Fire fell from the sky and landed on his arm. He screamed and sprang from the chair as molten drips of burning plastic descended from the lighting panel above him. Within it, a fire could be seen burning. The drips turned into a rain as the building was evacuated. After a last check, I snatched my laptop and court gown and was about to shut the door on what surely must have been the last time I would see this office. The burning plastic panel then fell from the fitting and I smothered it with the gown and beat out the flame on the chair and floor. A small fire remained in the ceiling which I swatted out with the heavy black gown, spraying molten plastic around the room.

The client, scarred emotionally and physically, soon rang back and said he wanted to plead guilty. He went to jail, clutching The Bible.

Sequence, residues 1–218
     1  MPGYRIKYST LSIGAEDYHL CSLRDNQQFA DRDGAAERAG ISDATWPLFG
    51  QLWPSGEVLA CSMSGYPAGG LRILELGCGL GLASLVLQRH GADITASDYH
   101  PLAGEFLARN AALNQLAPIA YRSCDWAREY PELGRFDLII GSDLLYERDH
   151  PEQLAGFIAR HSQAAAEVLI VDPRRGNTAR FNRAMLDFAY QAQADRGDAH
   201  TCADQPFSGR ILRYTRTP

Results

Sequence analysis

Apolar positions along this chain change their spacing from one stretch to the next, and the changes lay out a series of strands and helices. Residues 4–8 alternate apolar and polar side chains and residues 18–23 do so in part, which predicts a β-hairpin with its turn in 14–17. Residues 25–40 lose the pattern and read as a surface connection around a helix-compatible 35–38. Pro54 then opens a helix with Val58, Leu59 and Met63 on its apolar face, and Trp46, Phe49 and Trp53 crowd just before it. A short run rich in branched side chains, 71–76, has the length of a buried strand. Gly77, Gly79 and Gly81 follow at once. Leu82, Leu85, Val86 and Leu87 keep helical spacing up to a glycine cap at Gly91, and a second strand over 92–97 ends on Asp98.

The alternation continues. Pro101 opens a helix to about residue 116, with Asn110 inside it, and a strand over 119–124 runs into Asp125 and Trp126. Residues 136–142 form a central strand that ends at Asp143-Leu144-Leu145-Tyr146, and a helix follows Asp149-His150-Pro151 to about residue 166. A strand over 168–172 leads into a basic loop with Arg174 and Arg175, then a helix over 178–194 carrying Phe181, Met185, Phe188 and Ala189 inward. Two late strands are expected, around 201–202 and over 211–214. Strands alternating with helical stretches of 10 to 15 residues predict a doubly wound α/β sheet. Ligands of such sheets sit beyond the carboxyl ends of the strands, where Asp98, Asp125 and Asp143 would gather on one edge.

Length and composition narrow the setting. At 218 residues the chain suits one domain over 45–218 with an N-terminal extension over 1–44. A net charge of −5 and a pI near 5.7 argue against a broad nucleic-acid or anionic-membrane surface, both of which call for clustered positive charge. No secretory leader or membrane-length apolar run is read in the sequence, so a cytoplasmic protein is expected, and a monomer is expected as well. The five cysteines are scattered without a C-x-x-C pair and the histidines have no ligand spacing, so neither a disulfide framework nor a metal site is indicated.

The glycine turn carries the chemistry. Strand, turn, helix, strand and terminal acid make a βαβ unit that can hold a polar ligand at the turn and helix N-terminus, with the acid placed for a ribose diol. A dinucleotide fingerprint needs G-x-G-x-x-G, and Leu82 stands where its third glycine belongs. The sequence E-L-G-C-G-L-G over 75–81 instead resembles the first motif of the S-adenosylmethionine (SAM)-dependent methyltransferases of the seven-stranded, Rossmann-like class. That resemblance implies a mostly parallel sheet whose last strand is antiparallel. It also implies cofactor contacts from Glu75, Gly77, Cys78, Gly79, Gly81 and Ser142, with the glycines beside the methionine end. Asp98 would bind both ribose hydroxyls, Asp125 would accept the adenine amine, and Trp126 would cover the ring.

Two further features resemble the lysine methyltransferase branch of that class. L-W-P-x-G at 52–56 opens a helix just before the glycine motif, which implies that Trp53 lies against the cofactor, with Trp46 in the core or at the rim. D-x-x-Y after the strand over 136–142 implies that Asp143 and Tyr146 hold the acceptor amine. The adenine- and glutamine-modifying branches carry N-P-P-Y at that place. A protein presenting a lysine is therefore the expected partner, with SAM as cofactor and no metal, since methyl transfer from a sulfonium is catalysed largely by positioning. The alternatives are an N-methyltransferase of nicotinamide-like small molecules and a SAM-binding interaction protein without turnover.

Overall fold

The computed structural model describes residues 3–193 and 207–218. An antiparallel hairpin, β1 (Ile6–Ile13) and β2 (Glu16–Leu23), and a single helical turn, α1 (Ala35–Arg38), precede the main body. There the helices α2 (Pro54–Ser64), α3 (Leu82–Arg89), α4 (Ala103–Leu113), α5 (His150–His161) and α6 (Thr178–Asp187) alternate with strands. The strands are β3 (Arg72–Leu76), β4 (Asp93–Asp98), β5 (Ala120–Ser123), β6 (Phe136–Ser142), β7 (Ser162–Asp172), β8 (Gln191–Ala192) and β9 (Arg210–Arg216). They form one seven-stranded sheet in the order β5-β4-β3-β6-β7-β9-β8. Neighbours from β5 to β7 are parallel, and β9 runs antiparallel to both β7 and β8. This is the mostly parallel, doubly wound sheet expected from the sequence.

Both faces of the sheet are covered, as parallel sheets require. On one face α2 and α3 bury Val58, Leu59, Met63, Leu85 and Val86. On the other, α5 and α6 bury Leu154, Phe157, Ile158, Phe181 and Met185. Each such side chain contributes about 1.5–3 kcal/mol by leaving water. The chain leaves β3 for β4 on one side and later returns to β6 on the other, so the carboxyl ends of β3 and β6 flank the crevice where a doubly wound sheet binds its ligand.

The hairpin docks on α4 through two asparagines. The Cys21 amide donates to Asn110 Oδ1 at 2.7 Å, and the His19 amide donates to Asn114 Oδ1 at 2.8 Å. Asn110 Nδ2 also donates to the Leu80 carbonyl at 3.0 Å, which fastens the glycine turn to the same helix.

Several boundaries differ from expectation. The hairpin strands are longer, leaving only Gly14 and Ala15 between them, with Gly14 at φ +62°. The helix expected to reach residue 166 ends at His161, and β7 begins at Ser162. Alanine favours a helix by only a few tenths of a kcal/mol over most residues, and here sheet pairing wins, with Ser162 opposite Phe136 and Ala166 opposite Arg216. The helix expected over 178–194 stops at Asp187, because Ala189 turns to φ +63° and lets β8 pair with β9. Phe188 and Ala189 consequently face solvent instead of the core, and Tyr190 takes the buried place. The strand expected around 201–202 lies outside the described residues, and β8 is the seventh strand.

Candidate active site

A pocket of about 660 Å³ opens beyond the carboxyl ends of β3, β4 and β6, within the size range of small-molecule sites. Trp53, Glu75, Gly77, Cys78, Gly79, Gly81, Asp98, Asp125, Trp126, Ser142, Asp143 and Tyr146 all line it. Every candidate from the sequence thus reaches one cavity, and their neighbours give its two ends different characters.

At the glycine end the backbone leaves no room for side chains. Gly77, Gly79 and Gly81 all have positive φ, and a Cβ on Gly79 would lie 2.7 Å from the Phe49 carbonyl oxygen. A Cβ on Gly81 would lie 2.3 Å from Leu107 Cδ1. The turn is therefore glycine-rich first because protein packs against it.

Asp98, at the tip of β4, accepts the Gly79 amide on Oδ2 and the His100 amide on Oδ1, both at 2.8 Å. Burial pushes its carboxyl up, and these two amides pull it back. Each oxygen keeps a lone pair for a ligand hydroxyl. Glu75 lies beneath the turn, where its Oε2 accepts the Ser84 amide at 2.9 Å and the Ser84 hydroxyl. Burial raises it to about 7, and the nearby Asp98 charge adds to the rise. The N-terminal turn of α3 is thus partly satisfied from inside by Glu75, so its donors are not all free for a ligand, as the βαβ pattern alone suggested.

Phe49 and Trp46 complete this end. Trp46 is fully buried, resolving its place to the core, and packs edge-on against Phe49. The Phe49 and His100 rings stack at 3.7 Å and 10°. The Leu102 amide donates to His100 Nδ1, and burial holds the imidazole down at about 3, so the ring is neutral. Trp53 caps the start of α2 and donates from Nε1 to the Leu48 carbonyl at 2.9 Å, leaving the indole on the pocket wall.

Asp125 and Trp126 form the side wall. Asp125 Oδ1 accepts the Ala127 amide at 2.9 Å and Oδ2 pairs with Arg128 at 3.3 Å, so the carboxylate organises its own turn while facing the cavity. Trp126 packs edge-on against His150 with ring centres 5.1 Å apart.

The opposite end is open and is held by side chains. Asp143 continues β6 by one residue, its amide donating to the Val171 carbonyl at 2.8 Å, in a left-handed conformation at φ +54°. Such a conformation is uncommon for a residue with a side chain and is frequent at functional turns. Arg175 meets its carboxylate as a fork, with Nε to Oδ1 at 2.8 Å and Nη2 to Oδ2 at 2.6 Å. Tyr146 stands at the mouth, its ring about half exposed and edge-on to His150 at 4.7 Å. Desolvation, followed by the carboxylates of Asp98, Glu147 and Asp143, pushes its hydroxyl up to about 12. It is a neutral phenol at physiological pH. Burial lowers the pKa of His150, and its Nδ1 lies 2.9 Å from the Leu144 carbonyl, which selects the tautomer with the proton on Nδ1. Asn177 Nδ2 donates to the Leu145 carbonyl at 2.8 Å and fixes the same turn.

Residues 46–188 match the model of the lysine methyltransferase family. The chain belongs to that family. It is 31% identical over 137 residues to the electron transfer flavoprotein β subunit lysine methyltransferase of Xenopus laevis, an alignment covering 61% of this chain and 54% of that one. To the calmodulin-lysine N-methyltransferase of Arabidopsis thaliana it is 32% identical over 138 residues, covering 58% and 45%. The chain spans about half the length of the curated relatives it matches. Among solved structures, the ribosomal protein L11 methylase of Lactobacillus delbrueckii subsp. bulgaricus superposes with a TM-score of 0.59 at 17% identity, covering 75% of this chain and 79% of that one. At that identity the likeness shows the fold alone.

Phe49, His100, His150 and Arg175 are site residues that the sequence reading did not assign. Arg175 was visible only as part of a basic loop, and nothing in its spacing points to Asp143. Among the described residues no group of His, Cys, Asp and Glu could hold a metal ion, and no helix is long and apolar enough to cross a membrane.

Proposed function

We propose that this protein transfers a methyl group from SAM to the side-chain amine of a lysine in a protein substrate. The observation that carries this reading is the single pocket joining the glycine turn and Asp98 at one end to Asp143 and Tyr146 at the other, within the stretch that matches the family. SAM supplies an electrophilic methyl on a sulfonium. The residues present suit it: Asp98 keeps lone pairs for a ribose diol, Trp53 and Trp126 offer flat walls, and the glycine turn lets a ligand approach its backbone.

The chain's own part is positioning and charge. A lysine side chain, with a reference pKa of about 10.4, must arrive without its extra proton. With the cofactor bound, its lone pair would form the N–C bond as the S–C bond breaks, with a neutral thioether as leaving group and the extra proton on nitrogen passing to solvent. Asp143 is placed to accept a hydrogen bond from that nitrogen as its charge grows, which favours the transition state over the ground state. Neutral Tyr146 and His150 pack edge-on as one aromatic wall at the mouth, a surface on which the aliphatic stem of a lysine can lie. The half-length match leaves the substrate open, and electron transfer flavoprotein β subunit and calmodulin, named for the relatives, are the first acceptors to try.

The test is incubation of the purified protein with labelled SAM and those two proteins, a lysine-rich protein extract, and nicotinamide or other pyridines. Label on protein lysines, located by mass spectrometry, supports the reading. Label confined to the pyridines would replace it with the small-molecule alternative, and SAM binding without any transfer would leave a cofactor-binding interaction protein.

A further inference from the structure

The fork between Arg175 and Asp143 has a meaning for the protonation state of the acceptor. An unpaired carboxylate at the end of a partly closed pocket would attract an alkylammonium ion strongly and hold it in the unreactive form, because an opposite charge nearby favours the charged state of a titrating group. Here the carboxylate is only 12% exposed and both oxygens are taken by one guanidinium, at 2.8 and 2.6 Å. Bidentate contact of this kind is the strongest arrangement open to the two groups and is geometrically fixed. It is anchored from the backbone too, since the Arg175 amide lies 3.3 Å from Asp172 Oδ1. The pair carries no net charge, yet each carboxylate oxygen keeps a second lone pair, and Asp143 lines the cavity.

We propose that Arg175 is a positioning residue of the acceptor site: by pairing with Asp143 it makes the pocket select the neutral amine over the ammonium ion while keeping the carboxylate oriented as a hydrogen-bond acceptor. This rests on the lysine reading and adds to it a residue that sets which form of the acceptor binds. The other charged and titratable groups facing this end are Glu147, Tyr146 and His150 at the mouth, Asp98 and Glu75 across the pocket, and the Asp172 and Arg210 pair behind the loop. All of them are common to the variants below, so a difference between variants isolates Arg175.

Now a new client sat in a new chair on new carpet under a new light. But the story was the same as many others and so was the advice. The children were exhibiting a curious blend of vindictiveness and easy malleability. The ex-wife was behind it. The jilted meth freak mentally unstable ex-wife was after the money he had earned. If she couldn’t have [a catch] like him, then she wanted no one to have him. Except, perhaps, Dirty Jim in D-Block.

The kids loved him, of course, but they were just children and were caught in their mother’s evil spell. It was so powerful that they were able to tell her lies in a cool, calculated and consistent fashion. The internal and external consistencies of these narratives reflected her hate. She must be, he agreed, a genius psychopath.

Indeed this would have to be put to each of the children and his wife during cross-examination I told him. We would have to tell the jury that their tears were crocodiles’. I met his gaze with a long unblinking stare. He swallowed and loosened his tie as the burn within overwhelmed the crisp air-conditioning.